author = "Constantin Yiannoutsos and An, {Ming Wen} and Frangakis, {Constantine E.} and Musick, {Beverly S.} and Paula Braitstein and Kara Wools-Kaloustian and Daniel Ochieng and Martin, {Jeffrey N.} and Bacon, {Melanie C.} and Vincent Ochieng and Sylvester Kimaiyo",
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T2 - Experience from a large PEPFAR-funded program in Western Kenya

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AU - An, Ming Wen

AU - Frangakis, Constantine E.

AU - Musick, Beverly S.

AU - Braitstein, Paula

AU - Wools-Kaloustian, Kara

AU - Ochieng, Daniel

AU - Martin, Jeffrey N.

AU - Bacon, Melanie C.

AU - Ochieng, Vincent

AU - Kimaiyo, Sylvester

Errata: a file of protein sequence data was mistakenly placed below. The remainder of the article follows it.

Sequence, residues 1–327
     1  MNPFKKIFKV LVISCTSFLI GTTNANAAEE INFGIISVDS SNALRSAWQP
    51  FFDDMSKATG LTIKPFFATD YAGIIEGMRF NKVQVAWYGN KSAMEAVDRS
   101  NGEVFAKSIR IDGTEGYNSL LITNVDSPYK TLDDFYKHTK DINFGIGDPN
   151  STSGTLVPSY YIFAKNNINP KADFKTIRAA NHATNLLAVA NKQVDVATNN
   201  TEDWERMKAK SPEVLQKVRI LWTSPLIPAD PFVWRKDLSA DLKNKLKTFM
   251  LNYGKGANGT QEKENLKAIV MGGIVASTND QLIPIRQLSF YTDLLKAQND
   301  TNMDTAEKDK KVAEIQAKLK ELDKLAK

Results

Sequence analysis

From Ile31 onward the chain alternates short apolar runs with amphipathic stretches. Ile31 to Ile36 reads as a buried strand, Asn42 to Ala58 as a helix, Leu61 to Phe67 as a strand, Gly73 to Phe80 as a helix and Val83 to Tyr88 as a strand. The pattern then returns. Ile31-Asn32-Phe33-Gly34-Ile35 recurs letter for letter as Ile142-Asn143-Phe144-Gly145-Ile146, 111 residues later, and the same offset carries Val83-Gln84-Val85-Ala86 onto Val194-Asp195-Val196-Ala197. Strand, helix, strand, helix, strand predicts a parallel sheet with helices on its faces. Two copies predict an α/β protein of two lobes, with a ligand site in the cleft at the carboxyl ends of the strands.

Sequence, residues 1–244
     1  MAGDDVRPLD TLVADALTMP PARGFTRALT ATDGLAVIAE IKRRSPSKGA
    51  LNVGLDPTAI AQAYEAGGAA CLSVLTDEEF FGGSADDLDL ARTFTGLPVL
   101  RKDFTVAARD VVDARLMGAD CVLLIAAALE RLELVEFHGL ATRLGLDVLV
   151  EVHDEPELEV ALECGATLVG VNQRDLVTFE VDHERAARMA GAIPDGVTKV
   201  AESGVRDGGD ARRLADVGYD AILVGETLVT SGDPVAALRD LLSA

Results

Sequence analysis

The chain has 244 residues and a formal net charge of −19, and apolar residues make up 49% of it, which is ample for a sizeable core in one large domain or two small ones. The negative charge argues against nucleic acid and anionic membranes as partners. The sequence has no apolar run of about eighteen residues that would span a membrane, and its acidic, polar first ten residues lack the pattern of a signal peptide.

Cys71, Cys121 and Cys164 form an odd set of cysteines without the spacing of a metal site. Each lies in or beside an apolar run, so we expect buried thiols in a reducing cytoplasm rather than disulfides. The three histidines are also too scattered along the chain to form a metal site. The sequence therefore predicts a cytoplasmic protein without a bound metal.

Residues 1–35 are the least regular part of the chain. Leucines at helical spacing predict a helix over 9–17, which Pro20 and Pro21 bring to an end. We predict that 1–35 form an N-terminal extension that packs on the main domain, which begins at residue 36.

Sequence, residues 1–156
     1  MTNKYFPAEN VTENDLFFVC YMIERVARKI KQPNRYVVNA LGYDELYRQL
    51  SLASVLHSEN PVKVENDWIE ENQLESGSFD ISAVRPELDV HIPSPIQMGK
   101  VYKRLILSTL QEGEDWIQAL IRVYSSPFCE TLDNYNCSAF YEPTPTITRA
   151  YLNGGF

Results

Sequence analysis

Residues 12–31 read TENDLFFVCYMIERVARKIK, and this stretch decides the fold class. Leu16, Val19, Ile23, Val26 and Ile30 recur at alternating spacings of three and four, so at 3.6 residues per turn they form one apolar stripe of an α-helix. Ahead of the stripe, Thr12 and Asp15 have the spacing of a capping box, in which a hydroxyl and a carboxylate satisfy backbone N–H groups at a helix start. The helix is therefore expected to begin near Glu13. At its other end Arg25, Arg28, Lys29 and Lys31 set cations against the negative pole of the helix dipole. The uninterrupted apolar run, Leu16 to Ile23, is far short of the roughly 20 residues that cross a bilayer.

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N2 - Background: Monitoring and evaluation (M&E) of HIV care and treatment programs is impacted by losses to follow-up (LTFU) in the patient population. The severity of this effect is undeniable but its extent unknown. Tracing all lost patients addresses this but census methods are not feasible in programs involving rapid scale-up of HIV treatment in the developing world. Sampling-based approaches and statistical adjustment are the only scaleable methods permitting accurate estimation of M&E indices. Methodology/Principal Findings: In a large antiretroviral therapy (ART) program in western Kenya, we assessed the impact of LTFU on estimating patient mortality among 8,977 adult clients of whom, 3,624 were LTFU. Overall, dropouts were more likely male (36.8% versus 33.7%; p = 0.003), and younger than non-dropouts (35.3 versus 35.7 years old; p = 0.020), with lower median CD4 count at enrollment (160 versus 189 cells/ml; p<0.001) and WHO stage 3-4 disease (47.5% versus 41.1%; p<0.001). Urban clinic clients were 75.0% of non-dropouts but 70.3% of dropouts (p<0.001). Of the 3,624 dropouts, 1,143 were sought and 621 had their vital status ascertained. Statistical techniques were used to adjust mortality estimates based on information obtained from located LTFU patients. Observed mortality estimates one year after enrollment were 1.7% (95% CI 1.3%-2.0%), revised to 2.8% (2.3%-3.1%) when deaths discovered through outreach were added and adjusted to 9.2% (7.8%-10.6%) and 9.9% (8.4%-11.5%) through statistical modeling depending on the method used. The estimates 12 months after ART initiation were 1.7% (1.3%-2.2%), 3.4% (2.9%-4.0%), 10.5% (8.7%-12.3%) and 10.7% (8.9%-12.6%) respectively. Conclusions/Significance Abstract: Assessment of the impact of LTFU is critical in program M&E as estimated mortality based on passive monitoring may underestimate true mortality by up to 80%. This bias can be ameliorated by tracing a sample of dropouts and statistically adjust the mortality estimates to properly evaluate and guide large HIV care and treatment programs.